In the area of CULTURE FOR HUMAN AND SOCIAL DEVELOPMENT we need to explore how culture can operate successfully in tandem with our NGOs and social development groups as well as our Ministries of Education and with youth in order to bring about certain awareness about ourselves as Jamaicans. The Jamaican people need to be further empowered and not just emboldened in regards to civic pride, nationalism and in themselves. Yes we are ‘Out of Many One People’ but the vast majority of the people are still ensnared in systematic self-hatred as a result of the lasting effects of the enslavement of Africans. This is seen clearly in the bleaching of so many youths and endorsed by so many of the base creative leaders. Issues like this can be addressed though culture. The use of cultural agents and policies as the vehicles of change is extremely important here. If one looks at how Japan’s culture has helped to build discipline in the society and an eagerness for learning, one can understand clearly how culture in Jamaica can transform our society and our education system. It is a symbiotic relationship that will show how bit by bit the ‘culture’ can itself change.
CULTURE AS RESEARCH AND EXPOSITION will be integral to the process of development. It is only through rigorous research and testing of ideas that theories and workable principles will come into play to support the development that is needed:
- In the area of culture
- To help culture support the developmental goals of Jamaica.
It is important also that research is part of the drive for policy and development in Jamaica because we must NOT assume that because we believe something will work, it really will or that something has worked before that it will keep on working. Programmes and policies must be evaluated for their effectiveness and their use continued or discontinued accordingly.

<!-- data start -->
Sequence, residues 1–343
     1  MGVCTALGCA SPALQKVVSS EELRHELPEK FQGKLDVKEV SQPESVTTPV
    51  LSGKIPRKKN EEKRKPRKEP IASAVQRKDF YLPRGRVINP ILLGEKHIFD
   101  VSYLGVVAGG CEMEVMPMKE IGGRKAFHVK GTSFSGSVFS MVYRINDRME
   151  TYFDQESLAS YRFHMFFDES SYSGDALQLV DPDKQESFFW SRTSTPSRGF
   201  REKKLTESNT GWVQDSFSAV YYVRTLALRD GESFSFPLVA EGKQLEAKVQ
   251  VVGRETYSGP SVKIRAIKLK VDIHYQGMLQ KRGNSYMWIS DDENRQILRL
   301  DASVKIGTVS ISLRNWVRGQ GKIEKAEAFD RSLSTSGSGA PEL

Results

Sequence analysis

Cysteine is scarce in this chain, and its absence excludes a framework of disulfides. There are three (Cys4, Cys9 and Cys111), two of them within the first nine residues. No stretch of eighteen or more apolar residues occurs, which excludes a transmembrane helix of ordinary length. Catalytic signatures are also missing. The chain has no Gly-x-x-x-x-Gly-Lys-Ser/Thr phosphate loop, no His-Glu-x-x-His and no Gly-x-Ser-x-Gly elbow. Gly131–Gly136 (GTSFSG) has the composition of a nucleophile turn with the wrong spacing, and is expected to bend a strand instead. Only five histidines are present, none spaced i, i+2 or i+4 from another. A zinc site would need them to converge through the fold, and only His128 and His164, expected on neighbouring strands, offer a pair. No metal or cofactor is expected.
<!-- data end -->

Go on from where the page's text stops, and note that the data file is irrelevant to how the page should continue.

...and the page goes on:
CULTURE AS ART AND EXPRESSION is the area that we most associate with when we say the word culture and the reason for this is that it is the most visible aspect of our culture. It is in fact an important part of ‘BRAND JAMAICA’ and so we know that this aspect of culture is extremely important also to our economic survival and works in tandem with CULTURE FOR ECONOMIC INDEPENDENCE. In order to maintain the highest standards and quality for our culture so that it can continue exciting and enticing the world, we must embark on a path of Capacity Building. We do already have strong cultural experts in Jamaica. We need to use them to strengthen others, and where necessary partner with international bodies to support our local capacity building exercises (as long as it doesn’t disrupt the natural expression of our culture in negative ways).
Our culture is the foundation of our economic independence, if we could only use it to finally free ourselves from our enslavement to systems that disempower us. It is in fact more paradox than irony that, it is our culture that has supported this enslavement and yet it is only that very same culture that can free us from it. There is much here that needs investigation and support. On the cultural front, Jamaica is in serious need of:
- Visionaries who can see and articulate the possibilities for Jamaican cultural enterprise
- Technocrats with specialized knowledge in the field who can set up policies and systems that support the structure of cultural enterprise
- Advocates who speak on behalf of culture and help it make inroads into important areas
- Fundraisers and Proposal Writers who create opportunities for the cultural industry to grow, by raising money
- Investors who work with cultural practitioners to create strategies that ensure the financial viability of the sector through insight, sponsorship, development of the infrastructure needed and management of the resources through fiscal responsibility
- Cultural Practitioners and Implementers who can Coordinate and orchestrate the programmes that flow from a solidly constructed vision and policy
The Jamaican artiste Chronixx has a song entitled ‘Here Comes Trouble’ – and I see it as a fitting song for the set up of a real cultural revolution on the horizon. My only adjustment would be to change the word ‘trouble’ to culture:
Here comes CULTURE
Here comes the danger
Welcome the savior
Welcome the rasta youths
You no haffi ask is who…